Nutrition plays a crucial role in the socioeconomic development of any country. Malnutrition accounts for about 35 percent of deaths among children under 5 years old around the world. Stunting, severe wasting, and intrauterine growth retardation are the major contributors to child mortality, accounting for about 2 million deaths annually. Malnutrition is the major cause of morbidity for all age groups, accounting for 11 percent of the disease burden globally. In addition, iron deficiency is the leading cause of maternal mortality, accounting for 20 percent of the estimated 536,000 deaths worldwide. About 43 percent of all deaths among children under 5 occur in Africa.
According to the Uganda Demographic and Health Survey (UDHS), 19 percent of the Ugandan population was malnourished in 2006, and 38 percent of children under 5 were stunted. This prevalence means that about 2.3 million young children in Uganda today are chronically malnourished. In addition, 16 percent of children under 5 are underweight while 6 percent are wasted, and 12 percent of women are malnourished.
The current levels of malnutrition in Uganda are unacceptable. Therefore, nutrition warrants greater investment and commitment for Uganda to realise its full development potential. Such an investment is a necessary prerequisite for further progress on the Millennium Development Goals and attainment of the National Development Plan (NDP) objectives. While there has been some reduction in the prevalence of child malnutrition in Uganda over the past 15 years, the change has been slow.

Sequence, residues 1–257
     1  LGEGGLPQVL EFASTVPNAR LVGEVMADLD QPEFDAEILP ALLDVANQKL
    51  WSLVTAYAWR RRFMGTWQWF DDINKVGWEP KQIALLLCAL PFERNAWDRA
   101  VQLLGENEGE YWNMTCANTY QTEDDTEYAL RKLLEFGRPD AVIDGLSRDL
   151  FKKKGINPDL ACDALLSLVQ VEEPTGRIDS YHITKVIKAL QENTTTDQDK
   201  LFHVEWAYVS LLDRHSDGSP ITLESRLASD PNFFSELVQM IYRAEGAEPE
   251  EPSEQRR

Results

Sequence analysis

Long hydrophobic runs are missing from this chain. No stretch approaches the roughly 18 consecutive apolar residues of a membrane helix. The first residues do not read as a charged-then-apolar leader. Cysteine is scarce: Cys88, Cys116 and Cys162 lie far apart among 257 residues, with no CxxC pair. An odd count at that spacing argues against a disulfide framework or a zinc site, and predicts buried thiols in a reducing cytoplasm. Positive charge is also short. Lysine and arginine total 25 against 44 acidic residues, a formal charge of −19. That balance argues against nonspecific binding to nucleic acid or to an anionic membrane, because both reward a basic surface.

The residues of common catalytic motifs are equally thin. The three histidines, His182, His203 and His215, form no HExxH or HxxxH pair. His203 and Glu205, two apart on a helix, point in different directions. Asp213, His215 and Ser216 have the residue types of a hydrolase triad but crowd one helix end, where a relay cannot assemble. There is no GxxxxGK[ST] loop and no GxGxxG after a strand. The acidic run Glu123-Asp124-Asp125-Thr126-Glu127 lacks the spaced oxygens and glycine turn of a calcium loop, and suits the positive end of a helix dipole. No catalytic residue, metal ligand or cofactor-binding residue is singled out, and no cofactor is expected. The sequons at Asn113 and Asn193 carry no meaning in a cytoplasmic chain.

Child malnutrition in Uganda remains largely a ‘hidden problem’; micronutrient deficiencies are similarly difficult to detect. Malnutrition remains one of Uganda’s most fundamental challenges for human welfare and economic growth. The ultimate goal of the Uganda Nutrition Action Plan (UNAP) is to reduce levels of malnutrition among women of reproductive age, infants, and young children through 2016; ensuring that all Ugandans are properly nourished will enable them to live healthy and productive lives. However, it is particularly at the start of the life cycle where we must work together to ensure that all Ugandans are properly nourished. To attain this, women of reproductive age must receive proper nutrition so that when they are pregnant they are able to properly nourish their children
from the time of conception until those children begin complementary feeding.
Interventions to prevent malnutrition have the greatest benefit during these 1,000 days. Only by doing this will Uganda have in place the nutritional foundation of an intelligent, creative, and healthy population from which to build a better and more prosperous future. This is why the UNAP focuses on young children and mothers and seeks to scale up efforts to ensure that all Ugandan children are properly nourished from the day they are conceived.